Some close to him reminded Sting he was a rock star. How about a new rock album? “But I’m not a rock singer,” he replied. “I’m a musician who sometimes plays rock music.” And then The Last Ship came into view. In 2003 he’d published a beautifully written memoir, Broken Music. It detailed his almost Dickensian childhood in Newcastle, the waning capital of shipbuilding, his parents’ brittle marriage, and how jazz saved him.
‘I’ve had my head in a noose for a while but this was really like tightening. There’s no turning back. Critics would destroy you. But I thought, ‘What I am really risking here? A bit of embarrassment, humiliation?’ But I can deal with that.’
The Last Ship was a natural extension of the book. Following the idea that you write what you know, Sting imagined Wallsend, his hometown, as the shipyard was being closed down, and the builders rallied to construct one last beautiful tribute to their craft. Sting’s longtime manager Kathy Schenker brought in hot producer Jeffrey Seller. In-demand director Joe Mantello followed, along with Steven Hoggett, the man who’d made Once come alive. Sting himself suggested Jimmy Nail, a Newcastle performer who’s become the authentic heart of The Last Ship.
He says: “I had the shape of this thing. A shipyard town, put out of work, they decide to make their own ship. I knew there had to be a love story. A triangular story. I took [Brian to Newcastle],” said Sting, referring to Pulitzer Prize winning playwright Brian Yorkey. “We filled a pub with denizens of that romantic place—folk singers, poets, writers, people who’d worked in the shipyard. He fell in love with it.” Mr. Yorkey got Sting’s vision. “Where I came from,” says the songwriter, “was this surreal industrial landscape that I always thought was theatrical.”
Gordon Matthew Sumner grew up in the ’50s and ’60s on a street of row houses that led to the sea. And more often than not a huge commercial freighter was being constructed at the end of it. The ships towered over the houses ominously until they were launched. The creative mind that gave us “Roxanne,” “King of Pain” and “Fields of Gold” was really always fixated on this memory.
In The Last Ship, the main character Gideon returns to Wallsend—a Newcastle neighborhood—after 15 years at around 30 years old. He left because of fights with his father over following his life’s path into the yard. Gideon’s mother is only alluded to as having died. Young Gideon also left behind Meg, a pretty girl he said he’d come back for. She’s since moved on with the stable, and likable, Arthur. It’s a simple story that much awarded writer John Logan, who took over for Mr. Yorkey, had to amplify.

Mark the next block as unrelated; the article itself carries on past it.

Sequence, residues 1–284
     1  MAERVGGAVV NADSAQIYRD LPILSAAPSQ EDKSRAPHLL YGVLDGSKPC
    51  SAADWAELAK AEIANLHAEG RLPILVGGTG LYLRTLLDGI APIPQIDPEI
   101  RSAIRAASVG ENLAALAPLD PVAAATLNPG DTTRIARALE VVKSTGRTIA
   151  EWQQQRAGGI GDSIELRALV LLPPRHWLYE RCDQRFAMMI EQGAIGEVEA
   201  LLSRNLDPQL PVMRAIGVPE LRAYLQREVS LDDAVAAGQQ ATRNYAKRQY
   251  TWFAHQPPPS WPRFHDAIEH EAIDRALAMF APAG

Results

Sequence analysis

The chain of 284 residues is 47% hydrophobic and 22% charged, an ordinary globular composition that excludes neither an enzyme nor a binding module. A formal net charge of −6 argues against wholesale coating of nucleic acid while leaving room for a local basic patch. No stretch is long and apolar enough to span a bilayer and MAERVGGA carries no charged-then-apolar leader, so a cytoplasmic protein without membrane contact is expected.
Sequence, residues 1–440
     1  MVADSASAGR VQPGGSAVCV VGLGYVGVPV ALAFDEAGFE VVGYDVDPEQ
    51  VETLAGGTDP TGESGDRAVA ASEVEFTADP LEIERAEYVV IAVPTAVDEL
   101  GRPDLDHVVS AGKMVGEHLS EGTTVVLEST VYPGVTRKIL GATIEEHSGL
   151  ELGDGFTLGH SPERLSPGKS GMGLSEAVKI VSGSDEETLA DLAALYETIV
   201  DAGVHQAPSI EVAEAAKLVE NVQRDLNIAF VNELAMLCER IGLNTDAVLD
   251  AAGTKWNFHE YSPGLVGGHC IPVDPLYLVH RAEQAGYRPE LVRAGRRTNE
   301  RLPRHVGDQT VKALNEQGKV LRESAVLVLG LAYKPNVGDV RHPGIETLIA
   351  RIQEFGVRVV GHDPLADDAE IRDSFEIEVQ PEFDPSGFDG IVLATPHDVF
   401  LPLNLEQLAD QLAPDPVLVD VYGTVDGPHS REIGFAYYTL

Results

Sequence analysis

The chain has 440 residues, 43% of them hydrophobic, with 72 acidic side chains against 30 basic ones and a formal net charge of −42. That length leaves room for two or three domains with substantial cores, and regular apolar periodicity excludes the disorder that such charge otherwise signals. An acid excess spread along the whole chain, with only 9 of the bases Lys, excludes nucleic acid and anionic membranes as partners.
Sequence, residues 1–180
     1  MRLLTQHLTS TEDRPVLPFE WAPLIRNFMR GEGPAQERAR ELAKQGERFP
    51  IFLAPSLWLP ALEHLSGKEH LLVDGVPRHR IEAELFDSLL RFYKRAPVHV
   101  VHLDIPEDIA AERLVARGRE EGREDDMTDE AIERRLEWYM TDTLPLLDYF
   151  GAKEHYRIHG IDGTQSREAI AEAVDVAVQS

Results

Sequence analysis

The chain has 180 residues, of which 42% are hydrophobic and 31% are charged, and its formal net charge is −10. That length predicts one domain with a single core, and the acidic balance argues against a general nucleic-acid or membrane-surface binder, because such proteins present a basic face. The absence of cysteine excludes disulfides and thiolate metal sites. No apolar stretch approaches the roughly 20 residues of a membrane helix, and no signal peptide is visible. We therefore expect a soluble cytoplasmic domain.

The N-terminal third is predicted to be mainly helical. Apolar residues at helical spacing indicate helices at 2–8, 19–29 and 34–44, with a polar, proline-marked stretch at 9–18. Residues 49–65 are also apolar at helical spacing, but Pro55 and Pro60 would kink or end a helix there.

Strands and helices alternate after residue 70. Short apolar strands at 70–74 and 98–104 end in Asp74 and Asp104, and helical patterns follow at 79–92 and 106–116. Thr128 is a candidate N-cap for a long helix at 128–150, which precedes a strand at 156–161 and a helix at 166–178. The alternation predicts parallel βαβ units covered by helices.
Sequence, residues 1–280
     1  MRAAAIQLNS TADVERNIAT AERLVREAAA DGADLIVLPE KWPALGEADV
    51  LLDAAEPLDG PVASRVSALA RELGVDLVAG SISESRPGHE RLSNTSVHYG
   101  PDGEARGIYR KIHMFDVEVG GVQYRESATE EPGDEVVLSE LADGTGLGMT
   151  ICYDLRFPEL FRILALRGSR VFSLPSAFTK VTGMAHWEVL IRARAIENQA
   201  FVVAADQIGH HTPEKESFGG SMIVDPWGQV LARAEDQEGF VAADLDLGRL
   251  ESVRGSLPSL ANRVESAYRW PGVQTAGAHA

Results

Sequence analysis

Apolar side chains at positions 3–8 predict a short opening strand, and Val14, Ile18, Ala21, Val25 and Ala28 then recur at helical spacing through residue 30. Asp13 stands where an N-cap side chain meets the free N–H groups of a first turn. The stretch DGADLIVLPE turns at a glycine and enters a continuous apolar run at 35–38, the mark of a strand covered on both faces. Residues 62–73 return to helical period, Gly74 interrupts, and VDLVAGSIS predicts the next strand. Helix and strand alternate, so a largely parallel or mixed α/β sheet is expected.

Says Mr. Mantello: “Because so much of the project was what Sting knew, and it originated with him, he was heavily invested in what it would become.”
The character of Gideon is not really Sting. The singer has been back to Newcastle many times since becoming famous. He’s put on concerts there. For his 60th birthday he flew in family and friends from New York for the celebration. He remains close to friends who were fellow educators there during his short pre-Police stint as an English teacher. But there are strong father-son parallels. And the mother issue remains. In Broken Music he revealed that as a young lad he discovered his mother was having an affair. It went on for 30 years, with his mother finally divorcing his father and marrying her lover.
“In many ways, Meg is my mom, torn between two men, it’s totally unconscious. It’s just after the fact. But the show is really about fathers and sons,” Sting says. “I don’t think it’s a story that’s unique to me. My whole family is up there.” But, he reminds me, it’s not his exact story. “This isn’t Jersey Boys.”
Meantime, Sting mapped out the story in complete songs. He released an album of them, then performed them at the Public Theater a year ago in 10 shows. A year later, five of the songs are gone, including the one he thought was the single, “Practical Arrangement.” It just didn’t fit anymore. The process was a new one for a songwriter who was used to writing 10 or 12 songs for an album, recording them, and no one questioned him.